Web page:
Greg Werkheiser pursues three strategies for shared progress. Preserve and leverage history. Prepare visionary and compassionate leaders. Empower those whom society has disadvantaged.
Greg is the cofounder of Cultural Heritage Partners, the preeminent professional services firm in its field. CHP’s global team includes lawyers, policy advocates, business strategists, and subject experts. They serve governments, tribes, businesses, professional associations, and museums. To maintain the bridges between humanity’s past, present, and future, CHP strives to protect and make accessible the art, artifacts, architecture, landscapes, and living cultures that illuminate our common existence.
Greg is also the founding CEO of ARtGlass USA, the software and services company pioneering wearable augmented reality technology that transforms visitors’ experiences at historic and cultural sites. ARtGlass deploys tours on smart glasses, layering immersive digital content over real-world history. Having deployed at dozens of iconic European sites, ARtGlass is now poised to transform the way visitors to North American sites experience history.
For more than twenty years, Greg has forged disruptive new approaches to leadership education for those who aspire to solve critical public challenges. He founded centers for innovation and teaching that were among the first in the nation to seek to reimagine civic education, and to pioneer training in social entrepreneurship and cross-sector leadership. The Carnegie Foundation for the Advancement of Teaching explored Greg’s work in the book Educating for Democracy: Preparing Undergraduates for Responsible Civic Engagement. Numerous institutions have adopted his initiatives and pedagogy, including the University of Virginia, the College of William and Mary, George Mason University, the U.S. Department of State, and the Presidio Trust. Most recently, Greg led the launch of ARCUS, an online academy preparing new leaders for the historic preservation movement.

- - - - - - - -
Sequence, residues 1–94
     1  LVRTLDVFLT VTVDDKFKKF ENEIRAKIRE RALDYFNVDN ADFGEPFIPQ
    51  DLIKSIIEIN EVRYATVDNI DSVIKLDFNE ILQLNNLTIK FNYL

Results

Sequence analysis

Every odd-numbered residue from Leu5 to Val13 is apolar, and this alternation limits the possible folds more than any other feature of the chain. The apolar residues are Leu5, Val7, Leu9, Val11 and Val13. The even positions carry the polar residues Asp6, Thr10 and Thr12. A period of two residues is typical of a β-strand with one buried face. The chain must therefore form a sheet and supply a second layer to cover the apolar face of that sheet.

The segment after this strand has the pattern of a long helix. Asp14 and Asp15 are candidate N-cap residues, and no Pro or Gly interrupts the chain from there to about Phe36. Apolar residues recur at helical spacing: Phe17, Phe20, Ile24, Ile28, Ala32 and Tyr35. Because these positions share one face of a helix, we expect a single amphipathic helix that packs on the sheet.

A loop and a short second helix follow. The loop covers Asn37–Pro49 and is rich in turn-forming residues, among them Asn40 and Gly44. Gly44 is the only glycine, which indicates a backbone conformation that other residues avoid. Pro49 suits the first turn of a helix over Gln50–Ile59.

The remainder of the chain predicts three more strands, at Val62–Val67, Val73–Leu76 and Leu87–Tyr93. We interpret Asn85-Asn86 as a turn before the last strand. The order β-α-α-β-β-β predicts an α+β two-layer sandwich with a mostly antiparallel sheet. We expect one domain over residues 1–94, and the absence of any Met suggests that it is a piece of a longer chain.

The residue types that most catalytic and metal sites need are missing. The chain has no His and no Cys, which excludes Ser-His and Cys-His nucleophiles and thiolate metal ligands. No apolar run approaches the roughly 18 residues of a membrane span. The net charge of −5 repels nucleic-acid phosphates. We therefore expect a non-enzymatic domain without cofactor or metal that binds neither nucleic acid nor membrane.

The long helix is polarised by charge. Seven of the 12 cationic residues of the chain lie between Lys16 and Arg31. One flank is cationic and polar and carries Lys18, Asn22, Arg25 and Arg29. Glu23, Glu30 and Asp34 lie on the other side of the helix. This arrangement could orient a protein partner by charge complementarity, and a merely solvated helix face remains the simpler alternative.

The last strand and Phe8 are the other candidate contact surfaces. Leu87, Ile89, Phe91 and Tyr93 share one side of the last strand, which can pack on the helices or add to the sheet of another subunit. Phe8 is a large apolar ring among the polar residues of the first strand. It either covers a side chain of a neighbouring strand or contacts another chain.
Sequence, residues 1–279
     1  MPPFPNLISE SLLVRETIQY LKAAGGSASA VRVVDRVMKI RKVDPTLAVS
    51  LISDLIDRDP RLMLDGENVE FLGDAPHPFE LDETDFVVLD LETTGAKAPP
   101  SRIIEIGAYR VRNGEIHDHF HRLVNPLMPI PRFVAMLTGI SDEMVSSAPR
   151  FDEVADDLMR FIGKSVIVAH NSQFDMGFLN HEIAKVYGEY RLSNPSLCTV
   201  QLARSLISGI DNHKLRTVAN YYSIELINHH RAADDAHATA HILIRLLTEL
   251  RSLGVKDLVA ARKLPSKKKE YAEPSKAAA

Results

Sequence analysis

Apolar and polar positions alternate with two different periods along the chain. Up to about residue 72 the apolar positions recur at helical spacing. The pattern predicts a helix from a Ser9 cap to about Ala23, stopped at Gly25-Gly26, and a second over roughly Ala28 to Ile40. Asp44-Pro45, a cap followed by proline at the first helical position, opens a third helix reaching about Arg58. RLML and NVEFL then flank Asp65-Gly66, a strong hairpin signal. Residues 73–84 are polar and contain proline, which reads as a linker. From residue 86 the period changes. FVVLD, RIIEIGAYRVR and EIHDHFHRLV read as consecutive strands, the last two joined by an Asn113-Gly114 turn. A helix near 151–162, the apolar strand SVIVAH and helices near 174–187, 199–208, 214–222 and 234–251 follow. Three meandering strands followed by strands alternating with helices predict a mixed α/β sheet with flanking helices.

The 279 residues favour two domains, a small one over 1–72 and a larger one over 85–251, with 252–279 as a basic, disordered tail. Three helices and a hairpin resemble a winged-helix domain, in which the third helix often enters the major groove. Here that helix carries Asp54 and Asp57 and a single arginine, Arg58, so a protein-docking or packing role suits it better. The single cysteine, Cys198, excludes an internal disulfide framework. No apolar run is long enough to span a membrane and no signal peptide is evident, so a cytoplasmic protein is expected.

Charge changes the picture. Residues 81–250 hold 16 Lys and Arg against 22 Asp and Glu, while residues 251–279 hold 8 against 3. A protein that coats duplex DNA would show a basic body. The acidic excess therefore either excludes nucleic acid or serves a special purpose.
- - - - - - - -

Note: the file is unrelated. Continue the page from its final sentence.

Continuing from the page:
Greg’s work to advance more thoughtful public leadership prompted him to run as a candidate for the Virginia legislature against a long-term incumbent in a gerrymandered district. Greg secured the endorsement of The Washington Post and greater financial support than any prior candidate for the Virginia House. During his narrowly unsuccessful bids, he successfully drove deeper discussion of issues of government ethics, educational opportunity, and child welfare.
As a devoted student of oratory, Greg has written speeches at the White House for a President and First Lady, at the U.S. Embassy in Paris for an Ambassador to France, and for candidates running for statewide and national offices. Greg regularly delivers speeches, serves as a subject matter expert for media outlets, and blogs for the Huffington Post. He explores topics including the implications of the exponential growth in technology, the value of heritage preservation, and the evolving nature of leadership.
Since boyhood, Greg has been a passionate advocate for civil rights and equal opportunity as essential to true progress. He founded his college chapter of the NAACP and regularly demonstrates for the rights of racial and religious minorities, women and girls, the LGBTQ community, and low-wage workers. For six years Greg co-led the Phoenix Project, working in a community with the second lowest life expectancy of all American cities, building the capacity of community organizations to support economic recovery. Greg is lead counsel in the groundbreaking civil rights litigation against New Jersey’s Attorney General for violations of the constitutional rights of an American Indian tribe.
Greg’s efforts have been recognized with the Virginia Governor’s Award for Community Service, the New Jersey Governor’s Award for Historic Preservation, and DLA Piper’s Pro Bono Attorney of the Year award.
Greg’s spouse and professional collaborator of thirteen years is Marion Forsyth Werkheiser.
Greg earned his Juris Doctor from the University of Virginia School of Law. He earned his B.A. in government from the College of William and Mary, where he served as student government president and chairperson of the statewide student coalition promoting investments in public higher education.